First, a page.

Delivery is central to the U.S. Postal Service’s mission, and the Postal Service is legally mandated to measure customer delivery experiences. To do so, the Postal Service contracts with a survey supplier to assess the delivery service sentiment of residential customers and small and medium businesses nationwide. The resultant scores have fallen short of annual Postal Service targets in five of the past six years, leaving the Postal Service without many significant insights to strengthen its brand.
What We Did
Our objective was to evaluate the Delivery Survey process for residential customers and small and medium businesses and to identify opportunities for improvement. We reviewed processes, contracts, and results, and interviewed Postal Service and supplier officials.
What We Found
The Postal Service’s management of its Delivery Survey process can be improved. Specifically, the contract terms were not followed: the supplier excluded a required product (for example, “Special Services”), did not sufficiently minimize non-response bias, and did not perform an address quality assessment. These issues were caused by inadequate contracting officer oversight and limited the usefulness of survey results. We estimated $74,933 in questioned costs because the supplier did not fulfill these contract terms.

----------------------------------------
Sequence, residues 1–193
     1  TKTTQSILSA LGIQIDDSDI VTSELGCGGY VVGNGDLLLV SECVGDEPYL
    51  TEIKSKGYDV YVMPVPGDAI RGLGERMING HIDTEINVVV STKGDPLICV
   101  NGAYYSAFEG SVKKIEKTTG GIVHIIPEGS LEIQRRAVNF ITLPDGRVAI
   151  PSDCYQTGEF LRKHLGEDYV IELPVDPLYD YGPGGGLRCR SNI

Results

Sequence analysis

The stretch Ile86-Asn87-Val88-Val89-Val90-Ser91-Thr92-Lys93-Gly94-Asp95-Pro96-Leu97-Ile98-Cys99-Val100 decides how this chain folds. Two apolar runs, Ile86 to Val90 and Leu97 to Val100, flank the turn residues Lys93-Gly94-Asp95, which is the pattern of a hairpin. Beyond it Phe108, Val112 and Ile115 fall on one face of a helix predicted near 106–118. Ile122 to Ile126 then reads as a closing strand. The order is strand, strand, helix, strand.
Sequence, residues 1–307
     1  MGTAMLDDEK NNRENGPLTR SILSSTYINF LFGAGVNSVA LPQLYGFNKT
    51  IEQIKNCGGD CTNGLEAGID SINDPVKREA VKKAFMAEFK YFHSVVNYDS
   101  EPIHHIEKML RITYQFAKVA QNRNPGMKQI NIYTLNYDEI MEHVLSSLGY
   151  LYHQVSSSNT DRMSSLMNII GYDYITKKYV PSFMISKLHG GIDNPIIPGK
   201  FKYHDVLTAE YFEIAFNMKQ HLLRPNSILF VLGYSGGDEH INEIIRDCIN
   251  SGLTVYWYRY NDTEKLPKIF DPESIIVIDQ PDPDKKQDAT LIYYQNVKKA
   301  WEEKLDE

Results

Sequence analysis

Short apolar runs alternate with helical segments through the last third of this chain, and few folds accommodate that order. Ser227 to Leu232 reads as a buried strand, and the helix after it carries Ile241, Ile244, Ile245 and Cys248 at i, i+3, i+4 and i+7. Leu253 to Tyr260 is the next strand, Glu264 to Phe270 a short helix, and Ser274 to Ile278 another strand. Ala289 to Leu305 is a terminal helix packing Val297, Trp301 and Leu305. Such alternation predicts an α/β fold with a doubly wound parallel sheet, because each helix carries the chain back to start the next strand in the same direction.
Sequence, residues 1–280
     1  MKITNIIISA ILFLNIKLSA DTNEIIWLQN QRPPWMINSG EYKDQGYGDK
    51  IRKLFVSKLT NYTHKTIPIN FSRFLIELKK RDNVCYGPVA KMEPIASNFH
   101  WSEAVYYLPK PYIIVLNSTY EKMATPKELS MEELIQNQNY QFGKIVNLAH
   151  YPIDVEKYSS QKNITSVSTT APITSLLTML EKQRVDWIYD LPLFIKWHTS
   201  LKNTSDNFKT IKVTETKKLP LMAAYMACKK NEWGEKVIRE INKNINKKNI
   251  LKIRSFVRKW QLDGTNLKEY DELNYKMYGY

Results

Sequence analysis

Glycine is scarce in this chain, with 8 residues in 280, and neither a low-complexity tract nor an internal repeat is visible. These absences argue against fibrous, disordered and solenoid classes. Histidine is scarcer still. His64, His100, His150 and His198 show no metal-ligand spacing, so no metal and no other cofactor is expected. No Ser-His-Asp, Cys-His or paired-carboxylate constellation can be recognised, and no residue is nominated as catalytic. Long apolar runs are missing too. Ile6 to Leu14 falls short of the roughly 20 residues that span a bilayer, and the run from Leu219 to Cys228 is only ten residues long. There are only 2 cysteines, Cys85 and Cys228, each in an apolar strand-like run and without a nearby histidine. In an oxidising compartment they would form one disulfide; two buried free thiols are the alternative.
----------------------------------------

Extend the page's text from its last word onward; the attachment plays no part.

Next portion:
Further, while the Postal Service’s survey process met legal requirements, there are opportunities to enhance its usage and value. First, the survey is not effectively capturing local, delivery unit-level insights. For example, 94 percent of the 37,498 delivery units received 10 or fewer survey responses in fiscal year (FY) 2022. Second, the terminology of certain survey questions is problematic and leads to incorrect responses. For example, 22 percent of respondents in FY 2022 did not reply with the correct answer for their mail delivery location. These conditions hinder management’s ability to understand local delivery service views, make informed decisions, and meet annual targets. Conducting a cost, benefit, and feasibility analysis on potential options for increasing response rates and using more easily understood survey terminology could increase the usefulness of the survey and the related insights.
We recommended management enhance contracting officer oversight to ensure suppliers adhere to contract terms, particularly those for requisite product inclusion, non-response bias mitigation, and addressing quality assessment completion; and conduct a cost-benefit and feasibility analysis on potential options for increasing local delivery response rates and developing more easily understood survey terminology.